Historical Significance In 1873 the Daughters of Zion, an all female African-American society, created a two-acre independent plot across from the Oakwood Cemetery (the second oldest public cemetery in Charlottesville). The Daughters of Zion…

Historical Significance Court Street Baptist Church is regarded by many as "the mother church" of Lynchburg's black Baptists. The congregation was organized in 1843 when it split from its parent church, the white First Baptist Church. The newly…

Historical Significance The health of the destitute "contrabands" - southern slaves liberated by Union forces during the Civil War - who poured into Alexandria starting in 1861 was precarious. By 1864 at least 1,200 individuals had died, taxing the…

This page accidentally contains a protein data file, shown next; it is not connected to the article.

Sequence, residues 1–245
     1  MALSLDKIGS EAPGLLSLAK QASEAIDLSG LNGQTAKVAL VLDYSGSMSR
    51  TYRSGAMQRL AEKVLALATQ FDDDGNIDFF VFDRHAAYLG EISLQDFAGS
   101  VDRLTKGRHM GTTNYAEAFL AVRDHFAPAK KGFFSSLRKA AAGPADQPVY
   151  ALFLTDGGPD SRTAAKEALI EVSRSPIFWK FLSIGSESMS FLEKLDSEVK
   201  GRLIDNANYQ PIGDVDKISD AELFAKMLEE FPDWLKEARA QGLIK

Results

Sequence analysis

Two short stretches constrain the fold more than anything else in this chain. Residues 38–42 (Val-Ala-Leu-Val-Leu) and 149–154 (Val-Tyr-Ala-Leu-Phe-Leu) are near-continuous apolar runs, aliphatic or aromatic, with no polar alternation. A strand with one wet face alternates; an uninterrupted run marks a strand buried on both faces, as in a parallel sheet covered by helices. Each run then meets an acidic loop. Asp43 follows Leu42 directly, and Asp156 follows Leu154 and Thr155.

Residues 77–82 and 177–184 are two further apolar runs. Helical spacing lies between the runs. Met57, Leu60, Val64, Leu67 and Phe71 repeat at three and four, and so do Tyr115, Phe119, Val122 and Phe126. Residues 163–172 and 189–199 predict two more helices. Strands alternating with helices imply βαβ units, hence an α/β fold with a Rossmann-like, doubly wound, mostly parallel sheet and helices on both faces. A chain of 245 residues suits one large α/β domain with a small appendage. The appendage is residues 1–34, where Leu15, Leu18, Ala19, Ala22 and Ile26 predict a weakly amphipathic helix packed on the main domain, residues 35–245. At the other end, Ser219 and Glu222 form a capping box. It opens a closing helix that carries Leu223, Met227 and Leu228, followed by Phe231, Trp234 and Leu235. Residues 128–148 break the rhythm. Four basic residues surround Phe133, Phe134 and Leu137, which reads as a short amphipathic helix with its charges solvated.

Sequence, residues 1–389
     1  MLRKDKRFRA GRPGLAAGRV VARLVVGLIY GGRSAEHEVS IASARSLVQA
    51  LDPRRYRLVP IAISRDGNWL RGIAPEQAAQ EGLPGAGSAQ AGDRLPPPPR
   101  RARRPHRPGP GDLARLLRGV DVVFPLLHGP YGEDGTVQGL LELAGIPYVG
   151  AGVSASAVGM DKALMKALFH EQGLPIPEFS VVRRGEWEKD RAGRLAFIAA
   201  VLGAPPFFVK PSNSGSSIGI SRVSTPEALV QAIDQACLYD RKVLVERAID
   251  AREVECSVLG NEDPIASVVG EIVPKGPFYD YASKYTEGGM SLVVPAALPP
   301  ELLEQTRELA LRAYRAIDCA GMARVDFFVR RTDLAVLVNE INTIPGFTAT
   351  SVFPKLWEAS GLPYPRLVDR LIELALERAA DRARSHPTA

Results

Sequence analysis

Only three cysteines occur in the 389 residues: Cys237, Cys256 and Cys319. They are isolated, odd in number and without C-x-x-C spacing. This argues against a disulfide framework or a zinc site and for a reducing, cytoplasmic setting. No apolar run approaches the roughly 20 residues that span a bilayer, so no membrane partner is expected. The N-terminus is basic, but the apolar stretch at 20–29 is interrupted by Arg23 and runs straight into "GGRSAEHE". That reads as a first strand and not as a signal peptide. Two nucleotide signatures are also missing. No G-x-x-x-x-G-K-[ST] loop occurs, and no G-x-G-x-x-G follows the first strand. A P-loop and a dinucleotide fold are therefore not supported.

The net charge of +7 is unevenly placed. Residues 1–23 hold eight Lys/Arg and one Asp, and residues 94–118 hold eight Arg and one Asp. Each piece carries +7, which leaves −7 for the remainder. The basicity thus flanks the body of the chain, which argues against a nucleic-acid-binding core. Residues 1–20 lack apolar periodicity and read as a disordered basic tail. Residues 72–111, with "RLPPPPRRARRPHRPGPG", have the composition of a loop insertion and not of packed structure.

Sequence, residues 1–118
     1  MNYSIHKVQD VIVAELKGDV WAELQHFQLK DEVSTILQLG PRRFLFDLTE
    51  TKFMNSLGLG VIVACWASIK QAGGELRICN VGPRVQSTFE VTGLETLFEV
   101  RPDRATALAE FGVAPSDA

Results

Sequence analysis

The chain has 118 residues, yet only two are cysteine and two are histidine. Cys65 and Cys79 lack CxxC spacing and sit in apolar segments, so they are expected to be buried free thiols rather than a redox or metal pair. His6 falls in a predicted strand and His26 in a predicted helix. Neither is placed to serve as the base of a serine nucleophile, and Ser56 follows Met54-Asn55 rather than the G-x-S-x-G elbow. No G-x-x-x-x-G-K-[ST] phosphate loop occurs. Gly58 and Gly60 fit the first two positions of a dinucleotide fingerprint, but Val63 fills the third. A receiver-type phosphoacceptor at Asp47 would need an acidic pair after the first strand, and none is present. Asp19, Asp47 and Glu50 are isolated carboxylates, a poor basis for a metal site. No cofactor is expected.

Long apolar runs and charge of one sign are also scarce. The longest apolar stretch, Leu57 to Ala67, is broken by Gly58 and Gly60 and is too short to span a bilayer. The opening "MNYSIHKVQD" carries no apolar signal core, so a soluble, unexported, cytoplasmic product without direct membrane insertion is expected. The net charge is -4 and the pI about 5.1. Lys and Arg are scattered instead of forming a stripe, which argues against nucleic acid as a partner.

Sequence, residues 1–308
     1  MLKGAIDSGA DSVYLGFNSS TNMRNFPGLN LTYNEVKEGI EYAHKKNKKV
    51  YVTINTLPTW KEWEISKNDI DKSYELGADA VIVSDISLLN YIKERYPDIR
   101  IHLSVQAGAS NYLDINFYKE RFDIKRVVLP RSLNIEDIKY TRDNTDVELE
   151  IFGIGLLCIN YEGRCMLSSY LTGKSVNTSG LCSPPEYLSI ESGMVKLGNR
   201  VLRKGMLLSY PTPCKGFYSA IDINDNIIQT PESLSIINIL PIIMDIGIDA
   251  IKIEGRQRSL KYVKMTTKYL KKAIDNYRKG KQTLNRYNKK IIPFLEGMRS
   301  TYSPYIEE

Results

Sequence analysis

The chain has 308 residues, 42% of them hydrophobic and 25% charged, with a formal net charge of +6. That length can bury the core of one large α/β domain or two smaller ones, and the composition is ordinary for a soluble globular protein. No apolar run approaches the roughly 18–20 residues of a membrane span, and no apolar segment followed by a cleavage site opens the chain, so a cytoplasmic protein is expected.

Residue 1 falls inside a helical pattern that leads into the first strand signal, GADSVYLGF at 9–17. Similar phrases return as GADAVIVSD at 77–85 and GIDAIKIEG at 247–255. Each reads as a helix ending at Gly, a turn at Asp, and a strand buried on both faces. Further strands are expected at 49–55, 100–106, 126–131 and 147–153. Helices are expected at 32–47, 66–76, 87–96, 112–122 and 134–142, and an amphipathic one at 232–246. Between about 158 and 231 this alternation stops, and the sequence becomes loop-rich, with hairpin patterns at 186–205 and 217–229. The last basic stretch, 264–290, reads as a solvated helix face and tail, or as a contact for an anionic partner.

Historical Significance Enslaved and free blacks found ways to establish their own churches and schools despite laws restricting their ability to meet in groups. Founded in 1818 in the Bottoms, Alexandria's oldest African-American neighborhood,…

Historical Significance More than 229 black Civil War soldiers are buried in Alexandria National Cemetery. Originally named Soldiers' Cemetery, the graveyard is one of several national cemeteries built in 1862 to accommodate the war dead.…

Historical Significance Alexander Hill Baptist Church was founded in 1865, and today is considered the oldest African- American Church in Buckingham County. At the end of the Civil War, a prominent local lawyer named Alexander Moseley gave each of…

Historical Significance The African American Heritage Park opened in 1995 as a satellite of the Alexandria Black History Resource Center, located at 638 Alfred St. The memorial sculptures in the park are the creation of Washington, D.C. sculptor…